The group also talked about filling units with other inert gases and discussed gas blends. Members agreed to certify gases other than argon but only those gases that are being used to enhance thermal performance such as krypton and xenon.

Manufacturers using thermal performance enhancing gas blends such as krypton and argon will be required to certify each gas separately. IGMA’s certification program calls for an initial gas fill of 90 percent for test samples. Webb reiterated for the group that this initial gas fill concentration level applies to test specimens only. The certification program tests the manufacturers’ ability to fill to a known concentration level same as for the cycling which tests a manufacturers’ ability to make a “good seal.” The actual fills are determined by the manufacturer to get a set thermal performance value that may be to any value such as 70-, 60- or 50-percent.

IGMA technical consultant Bill Lingnell of Lingnell Consulting Services provided an update on other standard development activities:
• Harmonization of ASTM E 2188, E 2189, E 2190 with the EN 1279 under the Standard for International Organization of Standardization (ISO). The three-year project is a third of the way through and work is proceeding forward. When completed, it will recognize the ASTM standards as an equivalent approach to the EN 1279.
• ASTM E 2188: a round-robin test is under development.
• ASTM E 2189: the first phase of round-robin testing is complete. Results are being tabulated and will be reviewed by the ASTM working group.
• ASTM E 2190: is in the process of adding appendix and including a report that was balloted. Slight revisions to the standard were made.
• All six parts of EN 1279 are now published. 
• New standard ASTM E 2269-05 Standard Test Method for determining Argon Concentration in sealed insulating glass units using gas chromatography has been published. A meeting on Nov. 10 reviewed data and procedure.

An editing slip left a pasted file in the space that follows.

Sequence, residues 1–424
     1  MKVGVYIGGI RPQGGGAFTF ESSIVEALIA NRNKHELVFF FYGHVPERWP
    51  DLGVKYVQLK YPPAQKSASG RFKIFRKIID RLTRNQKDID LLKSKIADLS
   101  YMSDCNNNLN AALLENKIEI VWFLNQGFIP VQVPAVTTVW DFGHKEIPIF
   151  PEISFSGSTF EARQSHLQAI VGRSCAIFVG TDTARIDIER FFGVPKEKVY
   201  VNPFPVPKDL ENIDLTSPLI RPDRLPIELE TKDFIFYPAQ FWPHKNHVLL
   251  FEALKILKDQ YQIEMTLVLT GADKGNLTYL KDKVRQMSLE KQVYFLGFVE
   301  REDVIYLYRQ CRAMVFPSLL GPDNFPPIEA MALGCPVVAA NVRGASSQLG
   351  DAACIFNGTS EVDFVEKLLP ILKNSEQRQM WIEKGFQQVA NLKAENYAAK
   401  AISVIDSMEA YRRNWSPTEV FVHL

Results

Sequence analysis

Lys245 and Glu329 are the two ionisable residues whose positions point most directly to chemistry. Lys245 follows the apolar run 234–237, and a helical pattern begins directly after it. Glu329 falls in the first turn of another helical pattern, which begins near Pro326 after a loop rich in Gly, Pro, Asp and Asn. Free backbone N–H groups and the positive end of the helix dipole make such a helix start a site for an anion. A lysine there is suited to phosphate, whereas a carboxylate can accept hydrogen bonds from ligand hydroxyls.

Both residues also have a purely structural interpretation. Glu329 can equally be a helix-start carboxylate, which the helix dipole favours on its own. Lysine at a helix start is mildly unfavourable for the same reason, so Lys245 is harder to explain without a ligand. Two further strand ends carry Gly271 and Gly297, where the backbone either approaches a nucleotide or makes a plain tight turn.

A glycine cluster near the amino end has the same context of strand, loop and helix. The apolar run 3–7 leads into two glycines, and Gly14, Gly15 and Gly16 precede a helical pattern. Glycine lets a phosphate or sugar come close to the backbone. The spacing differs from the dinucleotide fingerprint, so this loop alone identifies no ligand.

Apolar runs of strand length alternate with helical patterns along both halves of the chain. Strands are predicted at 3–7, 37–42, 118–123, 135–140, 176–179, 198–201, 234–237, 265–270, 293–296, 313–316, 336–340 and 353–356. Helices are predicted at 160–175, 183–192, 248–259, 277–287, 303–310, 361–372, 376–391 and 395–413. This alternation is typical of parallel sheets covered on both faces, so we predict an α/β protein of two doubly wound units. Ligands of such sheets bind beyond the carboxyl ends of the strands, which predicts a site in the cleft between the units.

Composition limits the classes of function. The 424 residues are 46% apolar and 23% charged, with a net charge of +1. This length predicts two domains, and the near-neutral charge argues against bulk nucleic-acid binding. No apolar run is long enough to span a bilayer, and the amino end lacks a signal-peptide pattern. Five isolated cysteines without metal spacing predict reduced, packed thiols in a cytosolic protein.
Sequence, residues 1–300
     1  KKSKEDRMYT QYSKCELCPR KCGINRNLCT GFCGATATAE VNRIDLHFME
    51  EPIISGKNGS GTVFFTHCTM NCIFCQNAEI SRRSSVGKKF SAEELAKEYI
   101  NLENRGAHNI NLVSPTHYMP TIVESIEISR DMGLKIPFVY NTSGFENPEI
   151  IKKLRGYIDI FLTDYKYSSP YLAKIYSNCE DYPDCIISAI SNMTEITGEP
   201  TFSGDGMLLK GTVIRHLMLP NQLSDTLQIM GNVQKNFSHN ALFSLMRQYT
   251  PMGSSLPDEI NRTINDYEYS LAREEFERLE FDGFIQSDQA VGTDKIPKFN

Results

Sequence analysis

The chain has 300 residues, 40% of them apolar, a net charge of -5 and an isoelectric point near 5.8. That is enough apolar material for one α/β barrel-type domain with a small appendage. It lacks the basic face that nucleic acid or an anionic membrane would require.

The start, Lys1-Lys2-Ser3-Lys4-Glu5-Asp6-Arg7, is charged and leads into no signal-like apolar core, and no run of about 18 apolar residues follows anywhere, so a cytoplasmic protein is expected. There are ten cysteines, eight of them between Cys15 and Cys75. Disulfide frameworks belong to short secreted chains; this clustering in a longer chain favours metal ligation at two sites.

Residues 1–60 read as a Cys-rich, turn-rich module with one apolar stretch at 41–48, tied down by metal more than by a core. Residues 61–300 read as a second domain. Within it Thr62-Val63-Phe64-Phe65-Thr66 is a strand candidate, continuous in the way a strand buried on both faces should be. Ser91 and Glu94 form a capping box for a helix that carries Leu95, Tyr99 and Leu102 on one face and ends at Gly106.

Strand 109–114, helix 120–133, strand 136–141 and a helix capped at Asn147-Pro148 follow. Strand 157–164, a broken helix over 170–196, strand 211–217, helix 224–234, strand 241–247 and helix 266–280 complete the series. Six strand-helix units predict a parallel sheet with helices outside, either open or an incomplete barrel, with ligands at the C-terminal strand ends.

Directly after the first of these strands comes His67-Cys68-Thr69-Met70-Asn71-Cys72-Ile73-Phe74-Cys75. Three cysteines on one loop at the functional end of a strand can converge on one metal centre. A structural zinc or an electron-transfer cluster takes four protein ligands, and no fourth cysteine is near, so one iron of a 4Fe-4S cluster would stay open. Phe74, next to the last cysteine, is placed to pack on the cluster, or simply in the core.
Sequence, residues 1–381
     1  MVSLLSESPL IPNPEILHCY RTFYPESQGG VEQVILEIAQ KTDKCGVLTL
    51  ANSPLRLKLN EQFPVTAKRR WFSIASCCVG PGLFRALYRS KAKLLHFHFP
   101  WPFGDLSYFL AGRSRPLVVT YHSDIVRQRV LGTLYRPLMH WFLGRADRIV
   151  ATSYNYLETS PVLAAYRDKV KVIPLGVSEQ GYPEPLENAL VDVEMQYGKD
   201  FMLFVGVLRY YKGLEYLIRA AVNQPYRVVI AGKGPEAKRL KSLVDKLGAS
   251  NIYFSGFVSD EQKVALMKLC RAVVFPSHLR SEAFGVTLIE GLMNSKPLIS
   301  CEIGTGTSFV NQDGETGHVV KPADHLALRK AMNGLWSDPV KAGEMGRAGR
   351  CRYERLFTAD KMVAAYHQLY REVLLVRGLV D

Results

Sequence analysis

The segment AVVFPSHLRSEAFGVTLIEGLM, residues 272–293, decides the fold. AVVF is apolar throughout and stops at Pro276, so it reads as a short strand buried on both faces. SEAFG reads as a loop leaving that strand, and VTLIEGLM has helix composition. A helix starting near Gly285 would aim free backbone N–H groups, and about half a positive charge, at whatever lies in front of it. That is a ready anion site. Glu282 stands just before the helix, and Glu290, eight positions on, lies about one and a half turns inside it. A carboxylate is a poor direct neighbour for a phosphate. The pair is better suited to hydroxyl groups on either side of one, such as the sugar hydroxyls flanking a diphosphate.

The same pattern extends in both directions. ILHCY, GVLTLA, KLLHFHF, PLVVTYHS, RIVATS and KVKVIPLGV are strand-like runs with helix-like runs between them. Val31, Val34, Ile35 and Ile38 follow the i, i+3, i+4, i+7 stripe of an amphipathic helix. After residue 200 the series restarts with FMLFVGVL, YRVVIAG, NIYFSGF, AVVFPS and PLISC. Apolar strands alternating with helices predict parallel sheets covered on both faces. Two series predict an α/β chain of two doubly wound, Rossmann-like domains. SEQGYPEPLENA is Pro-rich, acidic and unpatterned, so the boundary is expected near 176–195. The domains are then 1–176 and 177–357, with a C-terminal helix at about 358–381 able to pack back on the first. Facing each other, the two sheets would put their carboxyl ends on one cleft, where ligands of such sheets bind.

• ASTM 1300: discussions of Miami-Dade County has proposed a method to address compliance to ASTM E 1300-02 for flexible supports.
• The thermal stress standard, a standard practice for determining the resistance of single-glazed annealed architectural flat stress to thermal loadings, was reviewed. The ballot results were discussed along with editorial comments. It is ready to go to ASTM.
• IGMA field correlation study, which was started in 1990, says CBA units are still performing well. The final results from both the 25 and the 15-year field correlation studies will be reported at the IGMA annual conference scheduled for February 22-26 in La Quinta, Calif.

Social Time
In the serene ambiance of the J.W. Marriott Star Pass in the warmth of the Arizona mountains, members were able to relax and take part in some of the social activities arranged for extra-curricular time. Those who arrived early on Sunday had the option of horseback riding, visiting the Arizona Sonora Desert Museum, or playing a round of golf at the resort. A welcome reception Sunday evening was well-attended and provided an excellent time for members to gather and talk with friends. 

AAMA will host its 69th annual meeting February 26-March 1, 2006 at the Renaissance Esmeralda Resort in Indian Wells, Calif. 

Sarah Batcheler is an assistant editor for DWM.